If you operate a pathology lab, you likely generate a lot of hazardous waste and biohazard waste that needs to be properly and legally disposed of. Generating this type of waste, however, means you’re subject to a lot of different rules and regulations for how to safely remove it from your facility for treatment. Because this can quickly become overwhelming, the following is a brief overview of what your pathology lab needs to be aware of in order to stay fully compliant.
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It’s not surprising that doctors’ offices and hospitals needs to properly and legally dispose of all the biohazardous materials generated in that facility. However, the exact same rules apply to veterinarians, yet many are not fully complying with the legal regulations surrounding that waste disposal. If you work in a veterinarian’s office, it is crucial that you comply with every law dealing with biohazardous material.
Whether you run a small clinic or a comprehensive hospital in Georgia, there are some overarching medical waste regulations that you’ll need to abide by. Outside these state-specific regulations, there are also federal laws that apply to every state. Regardless, you need to be aware of (and working with people who are aware of) all these potential differences. This ensures compliance at all times and in all places.
If you work with a medical waste disposal company, it’s easy to feel as if your part is done once that company completes your medical waste pickup. However, nothing could be further from the truth! As the generator of that medical waste, you are liable for the entire life of the waste. That is, until it is properly treated and disposed of, you are financially and legally on the hook if something happens with that waste. This is why medical waste disposal companies matter and why choosing one is so vitally important to your medical facility.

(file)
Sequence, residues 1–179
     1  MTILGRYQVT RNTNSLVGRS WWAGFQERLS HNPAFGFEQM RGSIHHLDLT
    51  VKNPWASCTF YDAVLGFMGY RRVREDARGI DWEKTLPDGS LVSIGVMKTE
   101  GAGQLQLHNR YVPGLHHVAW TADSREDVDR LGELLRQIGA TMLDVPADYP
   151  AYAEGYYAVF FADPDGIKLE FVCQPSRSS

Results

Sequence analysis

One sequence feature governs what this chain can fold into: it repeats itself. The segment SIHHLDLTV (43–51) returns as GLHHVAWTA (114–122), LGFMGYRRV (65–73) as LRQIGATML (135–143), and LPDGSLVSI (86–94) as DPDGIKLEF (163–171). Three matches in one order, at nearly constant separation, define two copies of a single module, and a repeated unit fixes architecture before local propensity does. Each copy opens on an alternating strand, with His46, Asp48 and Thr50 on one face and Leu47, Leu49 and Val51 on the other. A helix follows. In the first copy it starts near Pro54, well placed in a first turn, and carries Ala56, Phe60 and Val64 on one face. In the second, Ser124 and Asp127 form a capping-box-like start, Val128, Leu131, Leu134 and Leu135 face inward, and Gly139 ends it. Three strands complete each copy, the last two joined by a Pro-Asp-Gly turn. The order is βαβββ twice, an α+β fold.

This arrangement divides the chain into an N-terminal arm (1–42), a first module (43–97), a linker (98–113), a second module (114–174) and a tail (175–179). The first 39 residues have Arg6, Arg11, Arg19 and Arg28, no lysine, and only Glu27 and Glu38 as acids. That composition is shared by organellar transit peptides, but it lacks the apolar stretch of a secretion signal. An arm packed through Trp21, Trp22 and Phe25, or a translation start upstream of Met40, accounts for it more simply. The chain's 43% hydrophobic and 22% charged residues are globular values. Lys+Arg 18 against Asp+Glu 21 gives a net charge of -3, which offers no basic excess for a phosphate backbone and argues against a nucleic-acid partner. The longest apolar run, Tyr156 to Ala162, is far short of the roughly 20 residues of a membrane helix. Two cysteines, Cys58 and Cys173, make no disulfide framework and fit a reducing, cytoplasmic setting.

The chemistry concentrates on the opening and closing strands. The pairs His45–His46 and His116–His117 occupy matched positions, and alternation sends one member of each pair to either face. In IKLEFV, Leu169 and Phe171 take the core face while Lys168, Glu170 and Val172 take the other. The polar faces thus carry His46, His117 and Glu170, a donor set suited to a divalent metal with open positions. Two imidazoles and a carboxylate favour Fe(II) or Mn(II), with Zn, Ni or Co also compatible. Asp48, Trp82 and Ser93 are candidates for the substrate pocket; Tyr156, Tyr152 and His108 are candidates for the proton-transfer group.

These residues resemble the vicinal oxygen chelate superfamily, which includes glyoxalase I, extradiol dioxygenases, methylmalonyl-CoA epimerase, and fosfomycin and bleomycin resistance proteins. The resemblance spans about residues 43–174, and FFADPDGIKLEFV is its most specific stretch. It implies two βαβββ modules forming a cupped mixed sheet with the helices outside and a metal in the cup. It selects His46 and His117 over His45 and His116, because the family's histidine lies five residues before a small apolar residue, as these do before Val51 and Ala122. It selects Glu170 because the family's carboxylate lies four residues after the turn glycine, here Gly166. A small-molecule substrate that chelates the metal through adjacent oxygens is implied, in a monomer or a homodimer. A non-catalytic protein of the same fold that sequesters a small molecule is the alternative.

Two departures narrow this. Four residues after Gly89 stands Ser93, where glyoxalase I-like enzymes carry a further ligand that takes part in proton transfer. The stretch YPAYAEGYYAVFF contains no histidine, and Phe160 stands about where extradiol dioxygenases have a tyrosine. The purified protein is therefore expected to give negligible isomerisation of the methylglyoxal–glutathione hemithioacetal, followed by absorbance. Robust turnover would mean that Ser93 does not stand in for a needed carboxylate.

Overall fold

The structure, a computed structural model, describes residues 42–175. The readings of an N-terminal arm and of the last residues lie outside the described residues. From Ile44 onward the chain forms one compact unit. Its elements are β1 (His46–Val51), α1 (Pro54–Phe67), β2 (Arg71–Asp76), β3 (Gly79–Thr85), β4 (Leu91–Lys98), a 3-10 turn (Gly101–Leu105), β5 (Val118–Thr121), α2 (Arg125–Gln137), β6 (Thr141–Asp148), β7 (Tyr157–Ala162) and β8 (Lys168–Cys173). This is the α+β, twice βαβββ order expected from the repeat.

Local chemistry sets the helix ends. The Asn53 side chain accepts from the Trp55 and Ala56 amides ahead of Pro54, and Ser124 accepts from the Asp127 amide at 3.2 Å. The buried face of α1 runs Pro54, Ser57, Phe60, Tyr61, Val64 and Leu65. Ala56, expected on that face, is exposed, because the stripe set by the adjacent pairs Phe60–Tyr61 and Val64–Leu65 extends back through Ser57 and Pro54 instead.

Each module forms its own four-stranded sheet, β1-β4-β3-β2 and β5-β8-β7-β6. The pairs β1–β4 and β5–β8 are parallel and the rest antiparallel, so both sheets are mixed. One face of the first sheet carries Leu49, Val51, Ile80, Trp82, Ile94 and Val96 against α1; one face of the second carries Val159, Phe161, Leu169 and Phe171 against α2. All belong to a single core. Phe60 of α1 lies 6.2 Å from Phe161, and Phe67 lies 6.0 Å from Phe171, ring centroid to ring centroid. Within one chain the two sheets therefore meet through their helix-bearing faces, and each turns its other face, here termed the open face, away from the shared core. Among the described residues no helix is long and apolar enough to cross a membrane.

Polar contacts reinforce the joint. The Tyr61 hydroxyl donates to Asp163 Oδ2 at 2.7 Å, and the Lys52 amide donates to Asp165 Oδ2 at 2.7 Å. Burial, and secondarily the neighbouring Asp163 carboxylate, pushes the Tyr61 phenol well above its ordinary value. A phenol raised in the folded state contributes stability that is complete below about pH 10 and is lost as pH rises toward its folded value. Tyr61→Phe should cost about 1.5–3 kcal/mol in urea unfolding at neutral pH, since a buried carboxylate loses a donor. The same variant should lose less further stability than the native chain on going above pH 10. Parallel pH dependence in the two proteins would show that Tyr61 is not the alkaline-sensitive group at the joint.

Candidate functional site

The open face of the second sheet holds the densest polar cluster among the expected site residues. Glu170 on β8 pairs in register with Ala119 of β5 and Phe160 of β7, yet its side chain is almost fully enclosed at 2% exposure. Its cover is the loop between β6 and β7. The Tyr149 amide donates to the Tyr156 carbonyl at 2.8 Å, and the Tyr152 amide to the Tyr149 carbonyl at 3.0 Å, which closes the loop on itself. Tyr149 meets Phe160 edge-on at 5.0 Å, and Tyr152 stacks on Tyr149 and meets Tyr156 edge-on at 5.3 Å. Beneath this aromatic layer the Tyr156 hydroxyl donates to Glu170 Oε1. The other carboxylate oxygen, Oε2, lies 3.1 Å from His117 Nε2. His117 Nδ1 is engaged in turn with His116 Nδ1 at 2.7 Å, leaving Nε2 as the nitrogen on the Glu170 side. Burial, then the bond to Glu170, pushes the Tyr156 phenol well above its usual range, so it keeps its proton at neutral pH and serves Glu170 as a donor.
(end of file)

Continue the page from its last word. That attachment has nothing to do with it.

Doctors’ offices, hospitals, and other medical facilities produce a large amount of varied waste, and often those different types of waste require different disposal techniques. One such example is pathological waste, and just like hazardous waste or expired pharmaceutical waste, this too has a specific disposal protocol. If you believe your facility produces this type of waste, you must properly identify, segregate, label, and dispose of it—or you put your facility at risk for fines or other consequences.